The devastation caused by multiple climate disasters in recent months have shown, once again, that islands in the Pacific are particularly vulnerable to extreme weather events, exacerbated and made more frequent by climate change. Despite recent distractions around the Paris Climate Agreement, it is time to re-focus our efforts and unite to find solutions for those suffering the most on the frontlines of climate change.

Presided over by the Government of Fiji, the 23rd session of the Conference of the Parties (COP 23) to the UN Convention on Climate Change (UNFCCC) will take place at the headquarters of the UNFCCC Secretariat in Bonn, Germany.

We call on parties to the first ever COP to be hosted by a small-island state to concentrate on alleviating the problems of those who suffer most from climate change, although they have contributed least to the problems.

Climate change adaptation is an urgent, life-threatening issue for millions of people in the most vulnerable regions of the world. And it’s not only their lives and land which are under attack but also their food and nutrition security. In these cases, adaptation means making farms, and how farmers grow food, more resilient.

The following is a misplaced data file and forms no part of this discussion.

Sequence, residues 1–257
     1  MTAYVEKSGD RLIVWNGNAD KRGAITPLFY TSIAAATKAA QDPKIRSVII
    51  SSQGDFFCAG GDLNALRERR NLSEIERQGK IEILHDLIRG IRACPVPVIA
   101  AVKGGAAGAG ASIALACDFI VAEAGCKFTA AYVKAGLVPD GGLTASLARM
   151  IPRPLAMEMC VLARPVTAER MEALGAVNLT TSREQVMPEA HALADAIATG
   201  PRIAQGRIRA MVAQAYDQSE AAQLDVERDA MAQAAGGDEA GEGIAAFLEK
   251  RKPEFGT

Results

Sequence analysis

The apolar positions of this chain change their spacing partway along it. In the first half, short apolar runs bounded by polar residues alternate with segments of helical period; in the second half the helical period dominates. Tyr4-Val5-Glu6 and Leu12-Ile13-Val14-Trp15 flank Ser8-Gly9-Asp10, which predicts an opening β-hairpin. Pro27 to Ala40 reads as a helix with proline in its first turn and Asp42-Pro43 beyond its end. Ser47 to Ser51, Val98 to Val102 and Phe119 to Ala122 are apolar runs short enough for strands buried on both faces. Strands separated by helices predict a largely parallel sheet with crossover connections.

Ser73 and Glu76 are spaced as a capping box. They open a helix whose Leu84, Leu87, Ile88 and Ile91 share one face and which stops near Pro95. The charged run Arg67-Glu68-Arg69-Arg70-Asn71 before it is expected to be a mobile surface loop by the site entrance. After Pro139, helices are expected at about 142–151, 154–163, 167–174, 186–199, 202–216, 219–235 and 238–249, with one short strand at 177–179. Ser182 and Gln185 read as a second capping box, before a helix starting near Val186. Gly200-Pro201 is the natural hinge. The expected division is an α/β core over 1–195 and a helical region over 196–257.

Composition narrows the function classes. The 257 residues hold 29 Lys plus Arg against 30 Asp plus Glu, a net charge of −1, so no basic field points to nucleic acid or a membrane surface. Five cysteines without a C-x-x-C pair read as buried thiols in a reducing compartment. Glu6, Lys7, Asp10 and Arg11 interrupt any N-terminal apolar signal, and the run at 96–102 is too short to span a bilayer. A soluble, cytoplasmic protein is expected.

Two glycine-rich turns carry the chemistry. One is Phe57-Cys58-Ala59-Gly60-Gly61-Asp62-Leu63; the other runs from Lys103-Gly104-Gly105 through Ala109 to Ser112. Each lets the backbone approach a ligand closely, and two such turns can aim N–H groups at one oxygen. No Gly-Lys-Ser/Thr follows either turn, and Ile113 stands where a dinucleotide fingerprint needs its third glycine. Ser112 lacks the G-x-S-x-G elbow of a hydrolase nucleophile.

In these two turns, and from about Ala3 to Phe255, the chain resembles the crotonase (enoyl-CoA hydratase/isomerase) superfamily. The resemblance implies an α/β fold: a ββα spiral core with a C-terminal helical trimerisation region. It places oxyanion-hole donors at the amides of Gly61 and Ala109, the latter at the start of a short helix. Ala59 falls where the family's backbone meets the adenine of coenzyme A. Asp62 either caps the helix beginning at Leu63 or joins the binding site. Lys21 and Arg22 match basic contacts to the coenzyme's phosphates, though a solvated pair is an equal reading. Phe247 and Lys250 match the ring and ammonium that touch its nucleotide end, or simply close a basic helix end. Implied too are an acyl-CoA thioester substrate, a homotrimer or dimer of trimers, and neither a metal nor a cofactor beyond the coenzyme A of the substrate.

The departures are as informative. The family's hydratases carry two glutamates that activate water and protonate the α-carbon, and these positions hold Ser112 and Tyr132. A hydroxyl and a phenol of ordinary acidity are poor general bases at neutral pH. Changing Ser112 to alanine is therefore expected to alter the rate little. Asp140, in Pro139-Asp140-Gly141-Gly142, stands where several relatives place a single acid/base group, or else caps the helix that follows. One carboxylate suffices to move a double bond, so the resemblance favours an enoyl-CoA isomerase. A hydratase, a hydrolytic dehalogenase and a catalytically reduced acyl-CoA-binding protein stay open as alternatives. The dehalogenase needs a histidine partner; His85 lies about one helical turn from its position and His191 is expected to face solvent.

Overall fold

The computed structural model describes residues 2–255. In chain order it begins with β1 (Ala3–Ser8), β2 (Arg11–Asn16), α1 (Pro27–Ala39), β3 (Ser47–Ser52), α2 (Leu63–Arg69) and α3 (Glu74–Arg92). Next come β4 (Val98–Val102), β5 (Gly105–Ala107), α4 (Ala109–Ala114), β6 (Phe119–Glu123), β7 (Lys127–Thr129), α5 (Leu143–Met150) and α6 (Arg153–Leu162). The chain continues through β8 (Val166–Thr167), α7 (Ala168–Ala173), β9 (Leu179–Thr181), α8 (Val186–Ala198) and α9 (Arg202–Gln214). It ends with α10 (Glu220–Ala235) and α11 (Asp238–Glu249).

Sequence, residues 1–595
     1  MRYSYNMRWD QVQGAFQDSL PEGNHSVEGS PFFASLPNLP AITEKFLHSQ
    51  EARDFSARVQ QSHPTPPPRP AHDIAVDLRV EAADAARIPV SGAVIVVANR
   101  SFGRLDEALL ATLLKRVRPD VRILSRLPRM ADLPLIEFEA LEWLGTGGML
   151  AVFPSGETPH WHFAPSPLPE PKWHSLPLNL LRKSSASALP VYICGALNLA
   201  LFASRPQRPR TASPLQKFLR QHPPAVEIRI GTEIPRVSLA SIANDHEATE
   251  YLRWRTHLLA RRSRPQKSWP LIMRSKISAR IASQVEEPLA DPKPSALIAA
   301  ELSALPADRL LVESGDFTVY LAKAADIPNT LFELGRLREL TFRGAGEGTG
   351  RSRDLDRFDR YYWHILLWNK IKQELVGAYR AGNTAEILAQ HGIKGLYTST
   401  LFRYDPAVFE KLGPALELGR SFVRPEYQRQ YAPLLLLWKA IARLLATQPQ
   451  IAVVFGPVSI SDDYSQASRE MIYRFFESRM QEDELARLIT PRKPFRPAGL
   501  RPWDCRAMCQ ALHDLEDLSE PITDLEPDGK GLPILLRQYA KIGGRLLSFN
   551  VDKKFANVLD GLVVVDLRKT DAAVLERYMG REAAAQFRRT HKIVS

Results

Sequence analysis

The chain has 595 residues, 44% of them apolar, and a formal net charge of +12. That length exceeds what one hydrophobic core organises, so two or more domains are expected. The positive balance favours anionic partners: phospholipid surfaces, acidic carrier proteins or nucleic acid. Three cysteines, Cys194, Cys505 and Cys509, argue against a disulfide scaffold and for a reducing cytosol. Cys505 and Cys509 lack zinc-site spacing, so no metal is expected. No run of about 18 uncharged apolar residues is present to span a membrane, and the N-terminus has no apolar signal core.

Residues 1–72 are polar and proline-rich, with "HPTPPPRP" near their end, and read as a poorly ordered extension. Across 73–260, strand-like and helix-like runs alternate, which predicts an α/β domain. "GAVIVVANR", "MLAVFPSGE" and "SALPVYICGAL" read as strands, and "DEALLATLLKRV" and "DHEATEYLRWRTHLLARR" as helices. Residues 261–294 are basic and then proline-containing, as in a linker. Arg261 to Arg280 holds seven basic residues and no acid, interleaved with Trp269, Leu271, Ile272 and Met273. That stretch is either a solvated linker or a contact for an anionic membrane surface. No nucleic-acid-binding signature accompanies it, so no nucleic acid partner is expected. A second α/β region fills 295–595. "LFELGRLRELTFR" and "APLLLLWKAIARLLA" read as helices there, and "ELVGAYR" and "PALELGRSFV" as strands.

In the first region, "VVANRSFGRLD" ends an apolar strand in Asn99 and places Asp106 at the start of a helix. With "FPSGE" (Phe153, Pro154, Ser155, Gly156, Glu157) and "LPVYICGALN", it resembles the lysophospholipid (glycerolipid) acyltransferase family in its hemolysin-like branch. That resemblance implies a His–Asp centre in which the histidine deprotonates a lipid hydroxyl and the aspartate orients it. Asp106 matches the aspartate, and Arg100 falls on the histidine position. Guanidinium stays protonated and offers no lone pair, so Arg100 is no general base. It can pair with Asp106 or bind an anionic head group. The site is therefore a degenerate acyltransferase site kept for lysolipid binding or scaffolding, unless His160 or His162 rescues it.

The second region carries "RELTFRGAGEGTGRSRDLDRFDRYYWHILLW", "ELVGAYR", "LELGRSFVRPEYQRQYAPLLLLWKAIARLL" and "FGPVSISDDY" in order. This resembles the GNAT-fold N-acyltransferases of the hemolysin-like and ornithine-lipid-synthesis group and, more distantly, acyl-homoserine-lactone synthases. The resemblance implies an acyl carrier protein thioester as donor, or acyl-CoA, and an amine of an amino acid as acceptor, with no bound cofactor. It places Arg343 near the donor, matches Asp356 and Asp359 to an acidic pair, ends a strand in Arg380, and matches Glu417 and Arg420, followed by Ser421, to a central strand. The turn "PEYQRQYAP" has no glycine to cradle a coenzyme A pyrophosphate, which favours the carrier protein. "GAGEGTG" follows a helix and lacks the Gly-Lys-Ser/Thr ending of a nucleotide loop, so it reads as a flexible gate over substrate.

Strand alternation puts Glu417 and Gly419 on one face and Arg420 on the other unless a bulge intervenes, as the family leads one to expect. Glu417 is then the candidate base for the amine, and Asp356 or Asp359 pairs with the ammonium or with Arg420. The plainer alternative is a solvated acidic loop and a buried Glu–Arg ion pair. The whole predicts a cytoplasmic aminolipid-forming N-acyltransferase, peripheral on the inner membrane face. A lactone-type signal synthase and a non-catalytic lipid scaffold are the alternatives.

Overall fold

Leading with foresight, the Fijian island of Cicia has taken first steps toward securing the future of its citizens by going organic.

Organic farms emit much lower levels of greenhouse gases. They quickly, affordably and effectively sequester carbon in the soil and can retain as much as 28 % more carbon in the soil than industrial farming.

In fact, if we increase by just 0.4% a year the quantity of carbon stored in soils, we can halt the annual increase of CO2 in the atmosphere, which is a major contributor to climate change.

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